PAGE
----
Childhood and adolescence may provide some protection from the anxieties and traumas of adulthood, but insulation from reality also breeds apathy. In Homeroom, East Bay filmmaker Peter Nicks’ verité portrait of the disorienting and reorienting senior year of Oakland High School’s class of 2020, we are presented with a cadre of determined teens who are anything but apathetic. Confronted with the budget-cutting condescension of the Oakland Unified School District and the ineffectual platitudes of Mayor Libby Schaaf (“I want you to know your power and claim it”), they keep organizing, speechifying and holding their ground.
By “they” I primarily mean Denilson Garibo, one of two student board directors on the OUSD Board of Education. Lots of kids sign up for organizations and activities to pad their college applications; Garibo is a committed activist in the forefront of the community campaign to remove Oakland cops from schools and redirect that money to student programs on the chopping block.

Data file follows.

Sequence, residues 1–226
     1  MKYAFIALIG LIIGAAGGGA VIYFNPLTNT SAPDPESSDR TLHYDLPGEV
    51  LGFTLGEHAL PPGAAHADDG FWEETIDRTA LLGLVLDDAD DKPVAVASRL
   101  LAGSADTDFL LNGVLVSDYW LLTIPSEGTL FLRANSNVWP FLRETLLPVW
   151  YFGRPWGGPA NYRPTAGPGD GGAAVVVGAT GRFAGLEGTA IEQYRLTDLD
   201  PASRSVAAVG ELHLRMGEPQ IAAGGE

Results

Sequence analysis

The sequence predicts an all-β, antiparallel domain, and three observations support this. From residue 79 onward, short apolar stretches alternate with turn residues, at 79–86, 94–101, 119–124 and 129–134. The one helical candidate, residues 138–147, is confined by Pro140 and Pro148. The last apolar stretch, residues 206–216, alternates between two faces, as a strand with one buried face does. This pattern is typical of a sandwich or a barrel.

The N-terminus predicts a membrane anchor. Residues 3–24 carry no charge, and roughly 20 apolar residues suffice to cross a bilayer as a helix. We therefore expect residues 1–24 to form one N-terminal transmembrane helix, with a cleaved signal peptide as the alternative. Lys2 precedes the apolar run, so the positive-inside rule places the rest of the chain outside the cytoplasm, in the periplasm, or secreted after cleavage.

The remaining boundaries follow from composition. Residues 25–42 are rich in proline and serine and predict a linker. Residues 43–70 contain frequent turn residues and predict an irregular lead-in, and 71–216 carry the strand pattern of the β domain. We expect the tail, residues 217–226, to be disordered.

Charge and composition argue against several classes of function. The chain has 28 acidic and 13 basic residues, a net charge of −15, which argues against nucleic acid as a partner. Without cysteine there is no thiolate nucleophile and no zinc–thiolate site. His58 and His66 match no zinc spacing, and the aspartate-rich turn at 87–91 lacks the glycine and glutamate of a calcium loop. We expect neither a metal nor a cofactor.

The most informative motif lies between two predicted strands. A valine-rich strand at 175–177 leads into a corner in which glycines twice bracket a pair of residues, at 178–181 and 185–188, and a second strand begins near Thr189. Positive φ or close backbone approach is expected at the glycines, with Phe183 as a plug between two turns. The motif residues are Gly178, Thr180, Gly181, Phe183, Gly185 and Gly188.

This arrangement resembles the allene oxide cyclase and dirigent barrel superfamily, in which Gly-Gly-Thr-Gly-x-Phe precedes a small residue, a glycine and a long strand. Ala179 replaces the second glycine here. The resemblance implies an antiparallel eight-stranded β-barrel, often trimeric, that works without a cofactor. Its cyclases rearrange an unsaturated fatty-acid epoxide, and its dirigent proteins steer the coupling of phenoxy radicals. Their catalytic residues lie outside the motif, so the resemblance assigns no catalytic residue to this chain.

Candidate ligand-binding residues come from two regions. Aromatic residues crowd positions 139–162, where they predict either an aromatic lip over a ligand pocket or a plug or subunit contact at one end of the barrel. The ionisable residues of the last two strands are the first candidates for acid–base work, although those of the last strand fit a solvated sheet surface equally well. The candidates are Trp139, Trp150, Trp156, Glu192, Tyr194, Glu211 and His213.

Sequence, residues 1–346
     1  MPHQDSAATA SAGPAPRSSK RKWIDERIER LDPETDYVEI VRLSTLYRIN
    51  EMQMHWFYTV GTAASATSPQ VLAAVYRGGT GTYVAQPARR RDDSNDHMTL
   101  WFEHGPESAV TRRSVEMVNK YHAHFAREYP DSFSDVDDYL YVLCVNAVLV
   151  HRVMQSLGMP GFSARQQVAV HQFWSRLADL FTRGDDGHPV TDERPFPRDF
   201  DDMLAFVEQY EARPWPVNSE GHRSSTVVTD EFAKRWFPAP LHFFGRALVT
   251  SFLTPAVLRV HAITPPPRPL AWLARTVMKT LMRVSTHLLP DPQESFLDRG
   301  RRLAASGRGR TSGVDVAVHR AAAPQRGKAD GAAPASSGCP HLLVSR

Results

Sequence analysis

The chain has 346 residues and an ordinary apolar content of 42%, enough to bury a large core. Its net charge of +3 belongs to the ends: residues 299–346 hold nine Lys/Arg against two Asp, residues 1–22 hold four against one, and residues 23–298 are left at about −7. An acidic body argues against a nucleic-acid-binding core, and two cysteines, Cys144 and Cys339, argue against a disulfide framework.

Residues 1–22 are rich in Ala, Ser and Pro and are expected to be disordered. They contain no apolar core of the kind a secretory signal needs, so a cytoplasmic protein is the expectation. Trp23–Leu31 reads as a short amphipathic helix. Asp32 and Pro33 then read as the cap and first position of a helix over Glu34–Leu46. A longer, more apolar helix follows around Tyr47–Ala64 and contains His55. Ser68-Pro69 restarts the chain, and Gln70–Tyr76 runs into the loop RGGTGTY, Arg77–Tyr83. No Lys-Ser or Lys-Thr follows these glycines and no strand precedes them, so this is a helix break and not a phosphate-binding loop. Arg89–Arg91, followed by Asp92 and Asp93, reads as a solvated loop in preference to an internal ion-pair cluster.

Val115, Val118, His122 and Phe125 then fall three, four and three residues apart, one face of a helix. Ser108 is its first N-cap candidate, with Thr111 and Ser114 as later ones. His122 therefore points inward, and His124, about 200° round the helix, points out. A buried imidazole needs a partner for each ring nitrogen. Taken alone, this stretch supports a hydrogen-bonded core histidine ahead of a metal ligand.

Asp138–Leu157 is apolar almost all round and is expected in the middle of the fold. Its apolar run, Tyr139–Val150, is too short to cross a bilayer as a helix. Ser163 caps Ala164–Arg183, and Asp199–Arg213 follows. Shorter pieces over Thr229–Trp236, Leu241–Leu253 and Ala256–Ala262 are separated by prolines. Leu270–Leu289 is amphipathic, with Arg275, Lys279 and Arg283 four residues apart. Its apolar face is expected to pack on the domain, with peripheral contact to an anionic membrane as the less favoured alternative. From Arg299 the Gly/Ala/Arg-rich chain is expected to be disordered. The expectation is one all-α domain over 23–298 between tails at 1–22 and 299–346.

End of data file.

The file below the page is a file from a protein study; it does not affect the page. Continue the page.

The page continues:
When the board votes down the proposal, Garibo promises to fight on, but we all know how rare it is to change the system—even in Oakland, where it seems everyone is perpetually clamoring for improvement. Nicks is a firsthand observer; he piercingly exposed the power that Oakland institutions have on everyday people, and the struggle of individuals to transform those entities, in The Waiting Room (about Highland Hospital) and The Force (about the Oakland Police Department). Hulu has acquired streaming rights to those exceptionally crafted documentaries, which portray America’s big-city challenges with fairness as well as unexpected emotion.